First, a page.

All through my teaching career I have watched the same old ‘new’ ideas go round and round. Take French as an example. When I was at school, French was drilled into you. Good old Whitmarsh served us well but it was hardly exciting or stimulating. Then we moved into an era when teaching grammar was considered bad and children learned entire phrases without truly understanding which bit of the sentence was what. Next came ‘using the target language’. All lessons had to be conducted using only French. The naughty pupil with the stink bomb at the back had to be disciplined in French and he had to give his excuses in French. If someone wanted to go to the toilet, they weren’t allowed to until they asked in the target language. Oh how the caretaker laughed, mopping up those puddles under chairs! Oh how the language of the children improved.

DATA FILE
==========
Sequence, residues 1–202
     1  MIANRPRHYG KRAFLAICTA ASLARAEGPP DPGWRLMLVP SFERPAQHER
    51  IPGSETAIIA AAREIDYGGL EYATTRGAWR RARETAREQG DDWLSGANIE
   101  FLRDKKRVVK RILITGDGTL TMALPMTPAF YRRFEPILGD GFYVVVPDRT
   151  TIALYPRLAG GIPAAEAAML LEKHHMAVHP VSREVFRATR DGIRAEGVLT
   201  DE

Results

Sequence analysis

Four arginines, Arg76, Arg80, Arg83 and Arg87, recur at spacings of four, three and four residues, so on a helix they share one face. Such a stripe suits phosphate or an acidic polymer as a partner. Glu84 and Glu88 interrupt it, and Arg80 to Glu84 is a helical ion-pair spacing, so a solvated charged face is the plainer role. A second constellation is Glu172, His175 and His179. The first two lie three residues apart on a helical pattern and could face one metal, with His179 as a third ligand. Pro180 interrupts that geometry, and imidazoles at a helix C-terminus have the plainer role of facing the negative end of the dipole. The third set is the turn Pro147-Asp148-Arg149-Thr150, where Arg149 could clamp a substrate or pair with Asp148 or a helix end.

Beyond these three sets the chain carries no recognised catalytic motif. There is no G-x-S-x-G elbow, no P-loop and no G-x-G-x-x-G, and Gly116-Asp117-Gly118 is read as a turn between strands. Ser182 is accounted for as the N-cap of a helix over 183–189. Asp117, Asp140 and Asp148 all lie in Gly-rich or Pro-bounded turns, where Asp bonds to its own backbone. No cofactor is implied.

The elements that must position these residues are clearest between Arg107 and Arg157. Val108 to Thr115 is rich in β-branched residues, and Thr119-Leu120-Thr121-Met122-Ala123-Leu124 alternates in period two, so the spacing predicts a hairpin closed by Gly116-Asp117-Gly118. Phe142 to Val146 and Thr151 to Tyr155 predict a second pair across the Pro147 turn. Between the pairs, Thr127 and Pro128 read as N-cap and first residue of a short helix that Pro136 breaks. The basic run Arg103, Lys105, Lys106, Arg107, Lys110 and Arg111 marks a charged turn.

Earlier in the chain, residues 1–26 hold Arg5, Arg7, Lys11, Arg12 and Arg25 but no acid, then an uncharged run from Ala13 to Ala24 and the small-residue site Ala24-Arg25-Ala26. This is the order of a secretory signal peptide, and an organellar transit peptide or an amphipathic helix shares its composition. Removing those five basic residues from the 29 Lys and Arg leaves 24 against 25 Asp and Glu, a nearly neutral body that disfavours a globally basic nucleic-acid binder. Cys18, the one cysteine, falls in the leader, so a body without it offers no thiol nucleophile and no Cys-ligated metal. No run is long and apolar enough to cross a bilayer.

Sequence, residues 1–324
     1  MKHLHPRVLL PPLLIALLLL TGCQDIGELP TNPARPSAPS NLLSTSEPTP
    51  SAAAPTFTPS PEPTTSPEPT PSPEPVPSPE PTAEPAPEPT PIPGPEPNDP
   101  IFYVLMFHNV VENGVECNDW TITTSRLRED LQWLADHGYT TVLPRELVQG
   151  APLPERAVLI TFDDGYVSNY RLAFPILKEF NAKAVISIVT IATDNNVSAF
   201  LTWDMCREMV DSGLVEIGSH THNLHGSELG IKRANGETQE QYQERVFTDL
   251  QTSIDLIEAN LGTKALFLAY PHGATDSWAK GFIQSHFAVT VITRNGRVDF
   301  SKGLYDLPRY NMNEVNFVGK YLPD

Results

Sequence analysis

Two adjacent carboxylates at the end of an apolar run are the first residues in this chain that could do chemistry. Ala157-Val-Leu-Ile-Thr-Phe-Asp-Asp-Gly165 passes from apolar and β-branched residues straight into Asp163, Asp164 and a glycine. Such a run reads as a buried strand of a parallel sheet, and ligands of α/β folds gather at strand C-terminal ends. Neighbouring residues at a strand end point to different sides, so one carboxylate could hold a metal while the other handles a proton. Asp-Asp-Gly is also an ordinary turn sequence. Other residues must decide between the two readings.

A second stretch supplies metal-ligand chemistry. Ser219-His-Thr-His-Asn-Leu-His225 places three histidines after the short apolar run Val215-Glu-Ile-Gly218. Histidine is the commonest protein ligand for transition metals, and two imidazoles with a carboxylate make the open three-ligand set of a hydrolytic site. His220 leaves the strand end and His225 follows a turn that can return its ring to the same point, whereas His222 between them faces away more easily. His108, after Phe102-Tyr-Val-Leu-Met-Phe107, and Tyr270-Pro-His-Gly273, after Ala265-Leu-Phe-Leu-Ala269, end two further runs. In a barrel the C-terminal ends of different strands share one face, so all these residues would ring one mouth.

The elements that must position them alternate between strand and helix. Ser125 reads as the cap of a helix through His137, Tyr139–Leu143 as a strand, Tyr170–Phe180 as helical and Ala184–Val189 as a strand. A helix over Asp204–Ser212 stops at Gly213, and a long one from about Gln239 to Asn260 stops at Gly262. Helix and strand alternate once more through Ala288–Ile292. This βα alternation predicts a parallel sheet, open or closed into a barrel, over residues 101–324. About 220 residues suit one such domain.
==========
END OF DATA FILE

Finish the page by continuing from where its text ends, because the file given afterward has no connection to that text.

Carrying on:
I want to go to the bog.
En français, Simon?
(shout) I want to go to the bog.
Non, parlez en français, Simon
If you don’t let me go to the f*****g bog I’ll p**s myself.
Happy days. Then suddenly, grammar became important again. Teachers everywhere wrung their hands, remembering how they used to do it ten years before.
So, this morning we hear of ‘new’ vocational education. With employer engagement and work experience and everything! I sit here crying at my laptop, remembering BTECs and NVQs, Diplomas, Connexions, City & Guilds, YOPs, ROSLA and ONCs and wondering how much money has been wasted reinventing the wheel, training staff and deceiving our children into believing they are doing a qualification which actually means something today and will still mean something in ten years or twenty years from now.